“We have iPads, but they’re hidden whereas the pads of paper and the sharpened colouring pencils and nice paint brushes are all to hand – that just encourages them and piques their curiosity.
“And the kids copy me all the time. I say to my friends, if I was a hairdresser, I wonder if they would be mimicking me, or if they genuinely are creative wee souls.”
Drawing, she believes, is the simplest method to relax. And her previous colouring-in books have gathered a dedicated fanbase from around the world.
“I get messages from all types of people, whether it’s mums who are just maxed out with kids during the day and are turning to creativity in the evening, kids who are anxious about exams, or those in rehab.
“I had a 911 call handler from a US city message me to say they use the books in their break room.
“They get off a really stressful call and then go and do a bit of colouring, decompress and fire back into helping people.
“For me, that’s incredible.
“There’s a reason people doodle, whether on the phone or you’re sitting having a conversation with me.
“It’s a way of having a creative output, when you’re perhaps a bit more constrained.
“It’s very overwhelming when people tell me they find the books incredibly soothing, that they’ve turned to the books in times of anxiety or depression.
“You have this creativity when you’re younger but you might lost it as you get older and start worrying about Brexit and mortgages.
“There’s a definite underpinning of joy in all the emails and messages I get. That’s wonderful.”
Whoever sold the most books didn’t have to do the bins
Some couples get competitive over Scrabble, others about Who Wants To Be A Millionaire.
For James Watt and Johanna Basford, their source of competition is how their books are doing on the Amazon charts.
“We are competitive, but only in a jokey way!” said Johanna.
“Obviously he can’t draw and I can’t run a massive business, but recently we both released books in the same week. Mine was a drawing book, his was about business.
“The deal was, the lowest person on the Amazon chart had to put the bins out.
“There was no way he was going to win that bet. That was my glorious moment!”
The pair met when they both had big dreams. Johanna was a struggling artist while James was a fisherman.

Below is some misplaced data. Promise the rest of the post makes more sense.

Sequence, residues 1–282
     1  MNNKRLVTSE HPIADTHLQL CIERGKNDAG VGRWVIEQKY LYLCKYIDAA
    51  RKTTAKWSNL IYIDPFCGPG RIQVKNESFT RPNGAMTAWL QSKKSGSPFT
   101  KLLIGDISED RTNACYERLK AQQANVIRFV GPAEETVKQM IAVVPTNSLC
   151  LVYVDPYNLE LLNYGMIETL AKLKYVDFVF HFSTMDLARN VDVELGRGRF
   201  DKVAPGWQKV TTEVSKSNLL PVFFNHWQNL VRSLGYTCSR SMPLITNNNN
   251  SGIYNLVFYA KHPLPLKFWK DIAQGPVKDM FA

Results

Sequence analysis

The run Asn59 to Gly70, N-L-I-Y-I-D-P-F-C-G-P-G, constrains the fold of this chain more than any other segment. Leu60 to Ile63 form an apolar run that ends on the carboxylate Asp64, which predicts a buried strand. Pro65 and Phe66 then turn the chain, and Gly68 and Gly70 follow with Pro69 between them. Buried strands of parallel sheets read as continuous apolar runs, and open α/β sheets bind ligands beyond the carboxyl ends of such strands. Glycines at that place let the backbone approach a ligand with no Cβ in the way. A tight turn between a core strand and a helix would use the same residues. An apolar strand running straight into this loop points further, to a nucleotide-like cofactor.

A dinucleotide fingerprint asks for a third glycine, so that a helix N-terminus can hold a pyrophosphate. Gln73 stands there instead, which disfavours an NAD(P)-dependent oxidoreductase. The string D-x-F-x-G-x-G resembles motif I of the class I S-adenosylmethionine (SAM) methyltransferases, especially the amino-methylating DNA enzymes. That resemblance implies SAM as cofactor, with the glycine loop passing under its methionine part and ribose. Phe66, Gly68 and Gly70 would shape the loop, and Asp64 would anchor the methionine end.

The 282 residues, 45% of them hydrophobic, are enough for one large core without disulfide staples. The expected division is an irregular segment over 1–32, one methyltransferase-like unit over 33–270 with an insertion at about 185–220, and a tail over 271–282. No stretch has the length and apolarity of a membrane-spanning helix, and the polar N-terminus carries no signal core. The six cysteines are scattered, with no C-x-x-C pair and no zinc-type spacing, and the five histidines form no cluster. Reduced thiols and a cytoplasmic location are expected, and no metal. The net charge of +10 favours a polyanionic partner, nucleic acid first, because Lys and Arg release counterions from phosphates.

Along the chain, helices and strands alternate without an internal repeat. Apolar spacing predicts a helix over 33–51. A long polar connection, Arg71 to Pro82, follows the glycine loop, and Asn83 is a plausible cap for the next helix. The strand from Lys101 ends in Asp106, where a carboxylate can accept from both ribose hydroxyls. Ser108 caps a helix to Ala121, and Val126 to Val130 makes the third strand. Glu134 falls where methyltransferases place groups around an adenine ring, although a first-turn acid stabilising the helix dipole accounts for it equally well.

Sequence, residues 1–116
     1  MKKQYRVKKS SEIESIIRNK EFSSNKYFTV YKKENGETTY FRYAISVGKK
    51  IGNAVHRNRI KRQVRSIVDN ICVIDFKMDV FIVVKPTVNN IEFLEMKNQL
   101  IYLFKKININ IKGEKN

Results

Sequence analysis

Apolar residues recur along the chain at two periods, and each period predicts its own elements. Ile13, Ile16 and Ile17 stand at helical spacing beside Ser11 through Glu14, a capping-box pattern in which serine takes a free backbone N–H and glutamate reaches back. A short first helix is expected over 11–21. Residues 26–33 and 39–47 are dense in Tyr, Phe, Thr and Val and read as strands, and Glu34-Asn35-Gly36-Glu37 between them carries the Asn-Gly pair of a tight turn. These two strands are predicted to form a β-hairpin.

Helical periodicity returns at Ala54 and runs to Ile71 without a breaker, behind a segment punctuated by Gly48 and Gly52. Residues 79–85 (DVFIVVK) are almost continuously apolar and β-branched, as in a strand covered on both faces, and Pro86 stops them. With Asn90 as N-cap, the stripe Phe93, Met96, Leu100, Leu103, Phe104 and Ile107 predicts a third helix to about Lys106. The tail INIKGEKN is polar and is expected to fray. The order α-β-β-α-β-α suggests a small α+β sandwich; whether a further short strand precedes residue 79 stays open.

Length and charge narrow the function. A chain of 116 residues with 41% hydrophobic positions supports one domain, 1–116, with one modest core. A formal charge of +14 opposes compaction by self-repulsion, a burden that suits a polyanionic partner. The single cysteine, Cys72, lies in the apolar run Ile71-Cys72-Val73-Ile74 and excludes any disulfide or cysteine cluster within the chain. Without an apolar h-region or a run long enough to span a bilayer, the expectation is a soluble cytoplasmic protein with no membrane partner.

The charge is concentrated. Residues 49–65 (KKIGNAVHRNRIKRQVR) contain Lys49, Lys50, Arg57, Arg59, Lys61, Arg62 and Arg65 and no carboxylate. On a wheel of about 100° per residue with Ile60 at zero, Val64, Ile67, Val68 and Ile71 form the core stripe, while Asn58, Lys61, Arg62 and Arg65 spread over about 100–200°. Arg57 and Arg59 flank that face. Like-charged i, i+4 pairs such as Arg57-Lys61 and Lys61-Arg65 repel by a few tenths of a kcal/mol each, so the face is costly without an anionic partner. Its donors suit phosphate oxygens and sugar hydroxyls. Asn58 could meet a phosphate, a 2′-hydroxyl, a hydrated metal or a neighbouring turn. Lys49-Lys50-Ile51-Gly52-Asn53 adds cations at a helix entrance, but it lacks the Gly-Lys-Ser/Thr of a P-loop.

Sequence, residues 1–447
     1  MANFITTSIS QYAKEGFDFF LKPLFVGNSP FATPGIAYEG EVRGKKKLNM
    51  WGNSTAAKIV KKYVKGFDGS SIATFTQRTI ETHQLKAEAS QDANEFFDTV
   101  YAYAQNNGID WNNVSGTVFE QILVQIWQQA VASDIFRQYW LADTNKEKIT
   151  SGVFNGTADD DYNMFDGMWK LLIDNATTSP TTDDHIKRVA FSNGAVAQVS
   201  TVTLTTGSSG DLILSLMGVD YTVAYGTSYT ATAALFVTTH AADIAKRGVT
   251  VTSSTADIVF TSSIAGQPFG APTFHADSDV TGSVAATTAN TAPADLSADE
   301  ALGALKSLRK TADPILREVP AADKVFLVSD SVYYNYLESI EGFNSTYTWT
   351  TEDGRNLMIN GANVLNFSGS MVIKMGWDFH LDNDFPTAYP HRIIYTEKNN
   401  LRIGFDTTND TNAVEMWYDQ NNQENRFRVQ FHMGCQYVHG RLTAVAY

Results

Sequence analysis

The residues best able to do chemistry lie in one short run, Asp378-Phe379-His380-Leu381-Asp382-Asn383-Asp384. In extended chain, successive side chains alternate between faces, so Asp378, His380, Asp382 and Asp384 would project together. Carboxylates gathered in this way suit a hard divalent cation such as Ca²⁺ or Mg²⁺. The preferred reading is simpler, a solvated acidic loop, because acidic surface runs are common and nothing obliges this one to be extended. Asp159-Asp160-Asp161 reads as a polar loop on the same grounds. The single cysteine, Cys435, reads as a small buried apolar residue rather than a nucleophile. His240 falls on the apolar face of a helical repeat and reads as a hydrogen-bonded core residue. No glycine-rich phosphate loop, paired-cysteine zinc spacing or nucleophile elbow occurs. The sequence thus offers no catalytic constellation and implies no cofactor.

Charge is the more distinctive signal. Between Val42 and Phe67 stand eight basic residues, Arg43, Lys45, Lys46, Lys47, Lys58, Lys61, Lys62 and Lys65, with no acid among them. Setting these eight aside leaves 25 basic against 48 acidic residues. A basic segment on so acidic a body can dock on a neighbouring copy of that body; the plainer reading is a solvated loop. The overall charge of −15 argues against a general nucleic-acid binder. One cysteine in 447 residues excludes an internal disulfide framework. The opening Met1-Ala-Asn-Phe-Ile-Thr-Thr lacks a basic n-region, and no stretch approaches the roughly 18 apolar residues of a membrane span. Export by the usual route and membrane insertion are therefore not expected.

“It’s always been a bit unusual with us, we’ve never had a 9-5,” she explained.
“We both had big dreams and ambitions. Unlike me, he is completely unwavering in his self-belief.
“If you asked him he would tell you it was always going to be this way, he was always going to have this huge company.
“With me, it was always about the passion involved in the work and any success that came was lovely, but I just love to draw. I would say the big game-changer has been the kids coming along.
“I don’t know any couple that can survive two babies and not be changed by it.”
Like a lot of couples who work, it can be a struggle to find the time to fit everything in.
“We send a lot of emails as we’re like passing ships in the night,” she added.
“I think being in the same area that we grew up in, and, our kids having some of the same teachers that we had, gives us continuity.
“We’re both really lucky to have jobs we love, and we’re living in a place where we’re so grateful to have our families here.”
James’s company’s success – it’s valued at £1 billion – has been credited to its dizzying array of beers, IPAs, porters and saisons.
Johanna wasn’t a beer drinker when she met James, though.
“I wasn’t a fan of craft beer before I met James,” she explained.
“But you quickly start getting geeky about it.
“James’s passion for it rubs off on you, you can’t live in the same house as the man and not feel the same way.
“And he’s a dab hand at drawing – he excels at sharks and Minions.
“He actually takes a lot of time to draw with the kids as well, as they love to do it.
“And it’s a whole thing the family can do that doesn’t involve fighting over an iPad or staring at a screen.”